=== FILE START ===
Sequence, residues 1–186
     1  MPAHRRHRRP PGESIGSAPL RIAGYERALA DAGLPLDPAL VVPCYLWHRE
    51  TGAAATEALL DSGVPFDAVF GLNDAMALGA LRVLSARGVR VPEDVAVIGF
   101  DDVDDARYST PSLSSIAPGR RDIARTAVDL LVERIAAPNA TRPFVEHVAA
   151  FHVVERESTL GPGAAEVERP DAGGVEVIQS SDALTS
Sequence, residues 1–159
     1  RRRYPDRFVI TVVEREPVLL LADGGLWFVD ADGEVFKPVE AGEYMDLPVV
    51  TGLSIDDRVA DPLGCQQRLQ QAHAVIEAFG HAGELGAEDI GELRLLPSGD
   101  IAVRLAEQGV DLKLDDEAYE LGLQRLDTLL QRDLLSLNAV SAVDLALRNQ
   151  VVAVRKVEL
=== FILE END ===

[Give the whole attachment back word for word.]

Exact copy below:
Sequence, residues 1–186
     1  MPAHRRHRRP PGESIGSAPL RIAGYERALA DAGLPLDPAL VVPCYLWHRE
    51  TGAAATEALL DSGVPFDAVF GLNDAMALGA LRVLSARGVR VPEDVAVIGF
   101  DDVDDARYST PSLSSIAPGR RDIARTAVDL LVERIAAPNA TRPFVEHVAA
   151  FHVVERESTL GPGAAEVERP DAGGVEVIQS SDALTS
Sequence, residues 1–159
     1  RRRYPDRFVI TVVEREPVLL LADGGLWFVD ADGEVFKPVE AGEYMDLPVV
    51  TGLSIDDRVA DPLGCQQRLQ QAHAVIEAFG HAGELGAEDI GELRLLPSGD
   101  IAVRLAEQGV DLKLDDEAYE LGLQRLDTLL QRDLLSLNAV SAVDLALRNQ
   151  VVAVRKVEL